9. Since at least 2002, respondent has collected personal information from consumers through its Online Application Form at Since at least 2003, respondent has operated five additional websites that collect personal information from consumers by linking them to the Online Application Form. This online form serves as an initial step for many consumers seeking a loan through respondent.
10. The Online Application Form collects from consumers personal information, including, but not limited to, name, address, date of birth, Social Security number, credit history, and bank and credit card account numbers.
11. Since at least 2002, respondent has disseminated or caused to be disseminated on the following statement regarding the privacy and confidentiality of personal information collected through respondent’s website:
All information submitted is handled by SSL encryption – see the yellow padlock at the bottom of your browser. Exhibit A (Superior Mortgage webpage dated October 25, 2004).
12. Through the means described in paragraph 11, respondent has represented, expressly or by implication, that the personal information it obtained from consumers through was encrypted using SSL from the time of submission until receipt by respondent.
13. In truth and in fact, the personal information obtained from consumers through was not encrypted using SSL from the time of submission until it was received by respondent. Instead, respondent encrypted sensitive personal information only while it was being transmitted between a visitor’s web browser and the website’s server (using SSL); once the information reached the server, it was decrypted and emailed to respondent’s headquarters and branch offices in clear, readable text. Therefore, the representation set forth in paragraph 12 was false or misleading.
14. The acts and practices of respondent as alleged in this complaint constitute unfair or deceptive acts or practices, in or affecting commerce, in violation of Section 5(a) of the Federal Trade Commission Act.”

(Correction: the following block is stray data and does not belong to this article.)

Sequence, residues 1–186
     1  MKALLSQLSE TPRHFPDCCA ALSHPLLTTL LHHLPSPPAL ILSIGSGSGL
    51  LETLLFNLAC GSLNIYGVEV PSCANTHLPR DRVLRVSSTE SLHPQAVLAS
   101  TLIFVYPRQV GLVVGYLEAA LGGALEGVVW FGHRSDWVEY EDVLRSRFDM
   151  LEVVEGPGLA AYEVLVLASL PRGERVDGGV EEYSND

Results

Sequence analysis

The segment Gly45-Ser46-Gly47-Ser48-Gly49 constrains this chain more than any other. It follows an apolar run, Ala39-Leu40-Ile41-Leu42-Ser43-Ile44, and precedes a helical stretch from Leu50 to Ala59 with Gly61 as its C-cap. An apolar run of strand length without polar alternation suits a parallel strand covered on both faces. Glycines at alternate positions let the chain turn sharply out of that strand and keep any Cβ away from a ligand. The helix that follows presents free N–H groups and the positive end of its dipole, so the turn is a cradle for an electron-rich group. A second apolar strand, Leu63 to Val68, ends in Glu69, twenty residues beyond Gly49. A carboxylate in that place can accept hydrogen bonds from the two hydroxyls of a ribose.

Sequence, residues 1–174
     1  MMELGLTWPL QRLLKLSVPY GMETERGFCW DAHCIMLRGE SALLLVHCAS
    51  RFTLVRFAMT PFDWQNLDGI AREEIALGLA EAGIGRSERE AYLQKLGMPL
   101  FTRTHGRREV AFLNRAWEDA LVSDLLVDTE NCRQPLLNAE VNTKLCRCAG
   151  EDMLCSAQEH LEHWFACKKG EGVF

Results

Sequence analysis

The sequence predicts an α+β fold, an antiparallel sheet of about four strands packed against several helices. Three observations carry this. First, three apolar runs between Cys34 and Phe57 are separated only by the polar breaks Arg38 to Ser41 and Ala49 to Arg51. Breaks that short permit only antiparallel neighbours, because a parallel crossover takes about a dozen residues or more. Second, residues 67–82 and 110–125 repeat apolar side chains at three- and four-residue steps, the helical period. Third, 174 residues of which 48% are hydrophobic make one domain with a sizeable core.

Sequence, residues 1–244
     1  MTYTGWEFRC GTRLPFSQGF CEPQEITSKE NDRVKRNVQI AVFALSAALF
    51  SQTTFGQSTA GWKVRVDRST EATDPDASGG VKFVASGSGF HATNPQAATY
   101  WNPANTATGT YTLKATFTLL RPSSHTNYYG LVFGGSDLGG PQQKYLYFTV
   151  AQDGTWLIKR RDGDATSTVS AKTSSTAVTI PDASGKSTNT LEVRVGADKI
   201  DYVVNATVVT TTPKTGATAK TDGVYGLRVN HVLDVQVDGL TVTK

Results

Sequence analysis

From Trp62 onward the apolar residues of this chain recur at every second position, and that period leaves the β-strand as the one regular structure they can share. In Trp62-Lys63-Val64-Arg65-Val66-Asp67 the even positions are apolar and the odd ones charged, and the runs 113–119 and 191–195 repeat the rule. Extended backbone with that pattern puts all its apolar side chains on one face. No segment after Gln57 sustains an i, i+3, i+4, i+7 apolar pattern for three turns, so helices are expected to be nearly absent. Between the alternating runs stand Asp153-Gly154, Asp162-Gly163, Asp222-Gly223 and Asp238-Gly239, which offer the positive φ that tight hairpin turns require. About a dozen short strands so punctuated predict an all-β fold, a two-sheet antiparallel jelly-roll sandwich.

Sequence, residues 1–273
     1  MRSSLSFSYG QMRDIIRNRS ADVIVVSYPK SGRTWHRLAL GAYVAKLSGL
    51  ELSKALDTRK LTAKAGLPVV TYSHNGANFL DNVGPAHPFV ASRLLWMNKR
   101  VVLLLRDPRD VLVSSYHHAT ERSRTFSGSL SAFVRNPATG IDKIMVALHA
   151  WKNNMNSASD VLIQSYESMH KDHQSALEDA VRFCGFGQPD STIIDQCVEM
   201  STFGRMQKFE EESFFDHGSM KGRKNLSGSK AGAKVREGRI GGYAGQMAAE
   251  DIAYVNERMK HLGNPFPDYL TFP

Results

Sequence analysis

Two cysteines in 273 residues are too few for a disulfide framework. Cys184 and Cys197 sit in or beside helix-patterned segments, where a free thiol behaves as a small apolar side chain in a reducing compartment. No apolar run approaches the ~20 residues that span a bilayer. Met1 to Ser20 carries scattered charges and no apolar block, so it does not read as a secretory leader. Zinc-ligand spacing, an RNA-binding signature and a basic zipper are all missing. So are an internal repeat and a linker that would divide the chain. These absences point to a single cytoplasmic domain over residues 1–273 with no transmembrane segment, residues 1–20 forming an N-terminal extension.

Such information demonstrates the importance of such information assurance activities as the need:
* For documented and consistently supported and enforced information security and privacy policies and procedures.
* For performing information risk assessments and applying security controls based upon the results.
* To implement encryption solutions as appropriate to protect PII not only while it is being transmitted, such as within emails and from website forms, but also in storage, based upon risk and upon posted promises.
* To assess and ensure the adequacy of business partner information security programs and associated controls to whom your organization has entrusted PII.
* To incorporate information security controls and mechanisms into applications and systems.
* To create procedures that support posted privacy policies and other information security promises.
* To ensure any implications of security safeguards made within published/posted information are addressed and supported.
* To regularly test and validate safeguards.
* To implement monitoring and logging for security and privacy related activities.
Many of the other rulings details also provide good support for safeguard and privacy activities.